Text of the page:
Boyle, D.J., et al. (2010). Dis Colon Rectum, 53(4), 432-7
AIM: Percutaneous tibial nerve stimulation (PTNS) has been shown to be an effective treatment in patients with urinary disorders; however its benefit in faecal incontinence is uncertain. This study aimed to assess the efficacy of PTNS in the treatment of urge faecal incontinence (UFI).
METHOD: A prospective study was conducted over a 14 month period assessing 31 patients with UFI treated with PTNS. The outcomes measured were: (1) reduction in FI episodes; (2) improvement in Cleveland Clinic and Vaizey incontinence scores; and (3) improvement in ability to defer defecation. All analysis was performed on an intention to treat basis.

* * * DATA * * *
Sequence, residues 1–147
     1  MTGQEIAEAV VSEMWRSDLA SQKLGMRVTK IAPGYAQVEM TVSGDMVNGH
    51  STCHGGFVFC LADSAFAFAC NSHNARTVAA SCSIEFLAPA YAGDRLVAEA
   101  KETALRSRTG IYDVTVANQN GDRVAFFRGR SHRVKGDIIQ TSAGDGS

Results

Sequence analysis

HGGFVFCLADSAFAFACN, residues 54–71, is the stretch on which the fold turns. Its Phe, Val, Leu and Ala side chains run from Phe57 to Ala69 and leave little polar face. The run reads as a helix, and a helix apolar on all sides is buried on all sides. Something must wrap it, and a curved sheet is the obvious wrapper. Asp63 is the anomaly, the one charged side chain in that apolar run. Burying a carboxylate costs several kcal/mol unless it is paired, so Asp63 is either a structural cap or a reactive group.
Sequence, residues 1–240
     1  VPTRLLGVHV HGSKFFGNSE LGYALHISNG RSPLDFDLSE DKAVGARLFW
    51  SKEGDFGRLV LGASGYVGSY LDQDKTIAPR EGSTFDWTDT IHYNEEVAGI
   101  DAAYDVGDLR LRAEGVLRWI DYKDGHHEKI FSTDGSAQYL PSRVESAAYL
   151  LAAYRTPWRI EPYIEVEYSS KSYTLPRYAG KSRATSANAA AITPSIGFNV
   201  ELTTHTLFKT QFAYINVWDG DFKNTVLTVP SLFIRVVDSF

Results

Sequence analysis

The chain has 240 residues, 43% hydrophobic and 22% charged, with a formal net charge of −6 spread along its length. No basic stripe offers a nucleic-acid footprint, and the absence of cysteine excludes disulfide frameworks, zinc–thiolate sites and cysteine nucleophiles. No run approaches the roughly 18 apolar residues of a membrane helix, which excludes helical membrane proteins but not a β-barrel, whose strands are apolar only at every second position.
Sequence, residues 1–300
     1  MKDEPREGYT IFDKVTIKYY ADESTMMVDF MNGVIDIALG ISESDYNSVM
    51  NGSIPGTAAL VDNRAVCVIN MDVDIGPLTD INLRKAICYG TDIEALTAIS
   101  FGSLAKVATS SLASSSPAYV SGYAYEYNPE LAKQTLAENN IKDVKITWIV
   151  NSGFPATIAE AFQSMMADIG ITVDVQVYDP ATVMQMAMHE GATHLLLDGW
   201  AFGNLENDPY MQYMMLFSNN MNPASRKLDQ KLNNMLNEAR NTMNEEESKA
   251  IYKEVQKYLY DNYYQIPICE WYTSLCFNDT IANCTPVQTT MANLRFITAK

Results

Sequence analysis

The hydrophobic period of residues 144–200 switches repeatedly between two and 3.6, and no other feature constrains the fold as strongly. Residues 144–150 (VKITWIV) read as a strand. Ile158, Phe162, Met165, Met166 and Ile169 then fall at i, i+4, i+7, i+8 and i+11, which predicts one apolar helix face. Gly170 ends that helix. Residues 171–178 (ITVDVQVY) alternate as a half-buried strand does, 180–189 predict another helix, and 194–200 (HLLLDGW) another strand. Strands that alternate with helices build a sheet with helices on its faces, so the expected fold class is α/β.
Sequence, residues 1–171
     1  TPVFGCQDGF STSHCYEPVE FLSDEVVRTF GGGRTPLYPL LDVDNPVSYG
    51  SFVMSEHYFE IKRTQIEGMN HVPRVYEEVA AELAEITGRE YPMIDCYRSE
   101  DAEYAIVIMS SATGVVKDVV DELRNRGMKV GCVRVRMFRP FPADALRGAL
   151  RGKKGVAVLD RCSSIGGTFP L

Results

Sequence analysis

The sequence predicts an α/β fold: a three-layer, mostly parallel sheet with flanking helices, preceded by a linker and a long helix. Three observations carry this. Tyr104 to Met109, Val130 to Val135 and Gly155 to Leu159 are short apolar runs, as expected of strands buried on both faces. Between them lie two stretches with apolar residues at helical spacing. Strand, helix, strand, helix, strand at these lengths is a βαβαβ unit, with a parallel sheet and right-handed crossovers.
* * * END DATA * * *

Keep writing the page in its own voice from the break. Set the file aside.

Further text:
RESULTS: Twenty one (68%) patients improved following PTNS and continue with the treatment protocol. Median Fl episodes per week reduced from 4 (range 0-30) to 0 (0-27), (P < 0.0001). Median Cleveland Clinic incontinence scores reduced from 13 (5-20) to 7 (0-20), (P < 0.0001). Vaizey incontinence scores decreased from 17 (5-23) to 10 (0-22), (P < 0.0001). Ability to defer defecation was improved significantly (P < 0.0001). No morbidity was encountered for any patient.
CONCLUSION: This preliminary study demonstrates that PTNS is an effective and well tolerated treatment for patients with UFI with particular improvement in reducing faecal urgency.
Source: Original article